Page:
Sun: Full sun to part shade
Water: Medium to wet
Suggested Use: Shade Tree, Street Tree, Rain Garden
Leaf: Good Fall
Tolerate: Wet Soil, Air Pollution
Culture Easily grown in average, medium to wet, well-drained soil in full sun to part shade. Tolerant of a wide range of soils, but prefers moist, slightly acid conditions. Very cold hardy.
Noteworthy Characteristics Acer rubrum, commonly called red maple, is a medium-sized, deciduous tree that is native to Eastern North America from Quebec to Minnesota south to Florida and eastern Texas. It typically grows 40-60’ tall with a rounded to oval crown. It grows faster than Norway and sugar maples, but slower than silver maple. In northern states, red maple usually occurs in wet bottomland, river flood plains and wet woods, but in Missouri it typically frequents drier, rocky upland areas. Emerging new growth leaves, leafstalks, twigs, flowers, fruit and fall color are red or tinged with red. Quality of red fall color on species plants is variable. Leaves (to 2-5" long) have 3 principal triangular lobes (sometimes 5 lobes with the two lower lobes being largely suppressed). Lobes have toothed margins and pointed tips. Leaves are medium to dark green above and gray green below. Flowers on a given tree are primarily male or female or monoecious and appear in late winter to early spring (March-April) before the leaves. Fruit is a two-winged samara.
Genus name is the Latin name for a maple tree.
Specific epithet of rubrum meaning red is everywhere in evidence: red flowers in dense clusters in late March to early April (before the leaves appear), red fruit (initially reddish, two-winged samara), reddish stems and twigs, red buds, and, in the fall, excellent orange-red foliage color.
'Northwood' will grow 40-60' tall with a rounded to oval crown. Leaves are shiny green above and pale green beneath, 3-5 lobed and 3-6" across. University of Minnesota introduction. This cultivar is best grown in northern states because it needs cool weather and frost for best fall color, and will generally not produce good fall color in the deep south.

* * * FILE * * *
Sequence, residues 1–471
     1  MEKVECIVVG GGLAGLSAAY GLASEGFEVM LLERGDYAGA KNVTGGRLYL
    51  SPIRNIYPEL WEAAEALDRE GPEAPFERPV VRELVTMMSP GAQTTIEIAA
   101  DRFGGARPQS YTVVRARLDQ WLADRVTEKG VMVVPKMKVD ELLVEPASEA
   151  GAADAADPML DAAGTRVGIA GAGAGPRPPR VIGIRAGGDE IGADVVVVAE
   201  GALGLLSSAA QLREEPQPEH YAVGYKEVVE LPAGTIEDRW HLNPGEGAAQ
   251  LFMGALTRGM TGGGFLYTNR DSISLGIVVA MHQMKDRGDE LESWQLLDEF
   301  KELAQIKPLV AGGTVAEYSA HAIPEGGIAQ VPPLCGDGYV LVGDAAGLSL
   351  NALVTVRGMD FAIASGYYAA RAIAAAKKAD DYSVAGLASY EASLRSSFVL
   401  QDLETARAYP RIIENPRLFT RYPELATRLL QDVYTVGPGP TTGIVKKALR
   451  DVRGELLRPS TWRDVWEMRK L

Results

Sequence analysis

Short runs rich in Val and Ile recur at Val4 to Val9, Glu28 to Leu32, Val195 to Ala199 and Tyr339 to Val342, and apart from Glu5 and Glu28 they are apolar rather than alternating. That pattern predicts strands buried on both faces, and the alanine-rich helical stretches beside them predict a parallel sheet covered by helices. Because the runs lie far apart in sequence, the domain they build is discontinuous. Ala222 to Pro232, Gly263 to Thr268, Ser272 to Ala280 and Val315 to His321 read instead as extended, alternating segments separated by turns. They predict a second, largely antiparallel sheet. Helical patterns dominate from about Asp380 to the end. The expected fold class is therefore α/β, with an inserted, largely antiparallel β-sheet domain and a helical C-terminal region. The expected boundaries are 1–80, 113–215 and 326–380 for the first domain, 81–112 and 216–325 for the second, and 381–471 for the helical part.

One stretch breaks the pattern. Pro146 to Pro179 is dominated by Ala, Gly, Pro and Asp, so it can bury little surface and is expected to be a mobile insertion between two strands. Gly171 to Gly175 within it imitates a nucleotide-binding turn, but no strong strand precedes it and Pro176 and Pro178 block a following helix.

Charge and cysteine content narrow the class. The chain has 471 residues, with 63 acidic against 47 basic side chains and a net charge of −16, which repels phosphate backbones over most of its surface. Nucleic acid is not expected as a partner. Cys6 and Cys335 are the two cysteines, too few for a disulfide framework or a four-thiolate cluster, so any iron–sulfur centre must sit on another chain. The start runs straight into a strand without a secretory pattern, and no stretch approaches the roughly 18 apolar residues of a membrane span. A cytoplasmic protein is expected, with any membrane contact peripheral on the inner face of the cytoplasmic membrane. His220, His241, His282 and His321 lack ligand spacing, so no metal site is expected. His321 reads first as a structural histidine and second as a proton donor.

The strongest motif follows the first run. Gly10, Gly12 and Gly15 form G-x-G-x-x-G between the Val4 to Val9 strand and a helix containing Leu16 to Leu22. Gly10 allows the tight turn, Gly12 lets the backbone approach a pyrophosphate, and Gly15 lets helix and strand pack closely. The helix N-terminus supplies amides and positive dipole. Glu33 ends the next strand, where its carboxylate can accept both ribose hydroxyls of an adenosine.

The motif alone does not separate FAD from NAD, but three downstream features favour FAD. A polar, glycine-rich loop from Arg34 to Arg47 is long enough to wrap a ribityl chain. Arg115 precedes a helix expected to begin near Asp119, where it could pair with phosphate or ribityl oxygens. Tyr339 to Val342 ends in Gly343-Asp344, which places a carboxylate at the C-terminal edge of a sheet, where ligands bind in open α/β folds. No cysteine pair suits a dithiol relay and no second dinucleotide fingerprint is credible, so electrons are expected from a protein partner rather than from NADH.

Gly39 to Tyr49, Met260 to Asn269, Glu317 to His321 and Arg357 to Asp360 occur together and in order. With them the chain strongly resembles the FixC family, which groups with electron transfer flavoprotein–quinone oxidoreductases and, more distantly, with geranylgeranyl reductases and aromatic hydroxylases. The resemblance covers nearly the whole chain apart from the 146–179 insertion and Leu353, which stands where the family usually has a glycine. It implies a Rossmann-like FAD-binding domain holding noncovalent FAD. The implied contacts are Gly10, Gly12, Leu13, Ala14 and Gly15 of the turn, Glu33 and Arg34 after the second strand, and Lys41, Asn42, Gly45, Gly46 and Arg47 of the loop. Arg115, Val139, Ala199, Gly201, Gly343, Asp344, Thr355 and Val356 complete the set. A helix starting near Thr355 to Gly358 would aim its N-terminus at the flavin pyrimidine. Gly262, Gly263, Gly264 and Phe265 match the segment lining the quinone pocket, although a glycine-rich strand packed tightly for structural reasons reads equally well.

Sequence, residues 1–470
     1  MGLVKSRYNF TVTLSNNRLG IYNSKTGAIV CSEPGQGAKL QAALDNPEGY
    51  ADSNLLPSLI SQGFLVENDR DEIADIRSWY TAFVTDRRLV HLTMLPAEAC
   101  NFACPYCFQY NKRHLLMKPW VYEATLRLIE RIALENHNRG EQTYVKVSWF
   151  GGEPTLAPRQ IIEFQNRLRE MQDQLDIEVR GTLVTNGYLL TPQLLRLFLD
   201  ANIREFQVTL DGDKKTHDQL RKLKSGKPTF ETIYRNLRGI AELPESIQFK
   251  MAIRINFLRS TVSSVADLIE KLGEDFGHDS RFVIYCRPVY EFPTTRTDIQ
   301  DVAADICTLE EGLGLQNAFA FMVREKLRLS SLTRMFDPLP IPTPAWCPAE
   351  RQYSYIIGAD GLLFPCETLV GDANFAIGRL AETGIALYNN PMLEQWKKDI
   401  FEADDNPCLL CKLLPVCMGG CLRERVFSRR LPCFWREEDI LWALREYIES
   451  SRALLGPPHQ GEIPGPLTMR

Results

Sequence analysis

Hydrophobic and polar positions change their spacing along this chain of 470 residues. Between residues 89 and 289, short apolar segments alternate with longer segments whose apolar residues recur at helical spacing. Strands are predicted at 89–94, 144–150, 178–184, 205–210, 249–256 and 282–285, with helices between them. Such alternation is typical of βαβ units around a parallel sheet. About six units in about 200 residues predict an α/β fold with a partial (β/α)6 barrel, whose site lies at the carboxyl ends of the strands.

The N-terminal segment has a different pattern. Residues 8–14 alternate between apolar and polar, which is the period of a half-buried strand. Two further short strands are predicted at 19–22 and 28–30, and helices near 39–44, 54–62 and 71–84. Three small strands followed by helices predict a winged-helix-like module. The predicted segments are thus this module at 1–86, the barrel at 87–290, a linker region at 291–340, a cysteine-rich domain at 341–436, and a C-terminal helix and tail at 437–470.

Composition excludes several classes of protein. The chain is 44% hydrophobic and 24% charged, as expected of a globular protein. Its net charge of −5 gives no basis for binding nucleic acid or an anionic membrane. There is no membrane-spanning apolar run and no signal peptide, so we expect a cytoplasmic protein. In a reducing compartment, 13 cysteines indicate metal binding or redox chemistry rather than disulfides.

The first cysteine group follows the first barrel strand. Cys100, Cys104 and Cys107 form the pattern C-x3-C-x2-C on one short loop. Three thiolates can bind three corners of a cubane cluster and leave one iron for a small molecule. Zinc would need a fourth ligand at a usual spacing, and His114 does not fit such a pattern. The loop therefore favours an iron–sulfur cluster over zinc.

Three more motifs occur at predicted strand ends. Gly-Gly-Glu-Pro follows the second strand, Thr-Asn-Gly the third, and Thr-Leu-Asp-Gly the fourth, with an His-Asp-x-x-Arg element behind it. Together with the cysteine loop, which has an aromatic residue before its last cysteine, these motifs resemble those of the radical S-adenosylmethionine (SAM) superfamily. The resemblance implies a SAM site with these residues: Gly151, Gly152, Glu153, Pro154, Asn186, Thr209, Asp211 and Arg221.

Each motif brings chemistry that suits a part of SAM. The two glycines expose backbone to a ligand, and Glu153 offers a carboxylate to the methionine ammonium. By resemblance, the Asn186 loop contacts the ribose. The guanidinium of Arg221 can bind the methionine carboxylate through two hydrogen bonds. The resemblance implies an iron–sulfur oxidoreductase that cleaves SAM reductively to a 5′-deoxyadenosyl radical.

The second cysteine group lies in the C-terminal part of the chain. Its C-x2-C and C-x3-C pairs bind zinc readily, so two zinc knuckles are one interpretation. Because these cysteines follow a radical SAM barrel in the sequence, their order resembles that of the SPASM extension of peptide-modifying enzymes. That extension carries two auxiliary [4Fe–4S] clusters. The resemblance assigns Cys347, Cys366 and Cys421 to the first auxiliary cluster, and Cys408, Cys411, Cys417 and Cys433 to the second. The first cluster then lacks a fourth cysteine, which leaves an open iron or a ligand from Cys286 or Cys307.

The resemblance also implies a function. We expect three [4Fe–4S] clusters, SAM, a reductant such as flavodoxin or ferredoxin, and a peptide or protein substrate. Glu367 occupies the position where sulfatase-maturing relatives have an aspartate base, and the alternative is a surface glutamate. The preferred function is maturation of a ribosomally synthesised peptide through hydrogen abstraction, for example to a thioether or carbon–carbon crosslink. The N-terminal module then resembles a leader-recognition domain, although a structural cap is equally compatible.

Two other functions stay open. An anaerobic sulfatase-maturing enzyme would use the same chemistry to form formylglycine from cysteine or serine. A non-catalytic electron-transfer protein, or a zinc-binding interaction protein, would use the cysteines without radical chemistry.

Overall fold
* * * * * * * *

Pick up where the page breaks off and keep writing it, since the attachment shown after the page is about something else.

Problems No serious insect or disease problems. Watch for aphids, leafhoppers, borers, scale and caterpillars. Verticillium wilt attacks the vascular system and can be fatal. Canker, fungal leaf spot and root rots may also occur. Wind and ice may break some branches. Leaf hoppers can cause substantial damage.
Plant as a specimen tree for the lawn, street or park. It is of note that this tree has a shallow, flattened root system that may buckle nearby sidewalks or driveways if planted too close.|
Majestic Skies™ Northern Pin Oak
Quercus ellipsoidalis 'Bailskies'
Majestic Skies™ is a large shade tree with a symmetrical form and straight branching, a distinct improvement over the species. Foliage is more substantial and darker green, and shows excellent red fall color. Northern pin oaks prefer to grow in full sun with deep, well-drained soil.
Exposure: Full Sun
Foliage: Thick glossy green
Pruning: Late winter
Watering: Low to medium
Fertilizing: Balanced NPK
Quercus macrocarpa x robur
Heritage English Oak will grow to be about 70 feet tall at maturity, with a spread of 50 feet. It has a high canopy with a typical clearance of 6 feet from the ground and should not be planted underneath power lines. As it matures, the lower branches of this tree can be strategically removed to create a high enough canopy to support unobstructed human traffic underneath. It grows at a slow rate, and under ideal conditions can be expected to live to a ripe old age of 300 years or more; think of this as a heritage tree for future generations!
(more than 40 feet)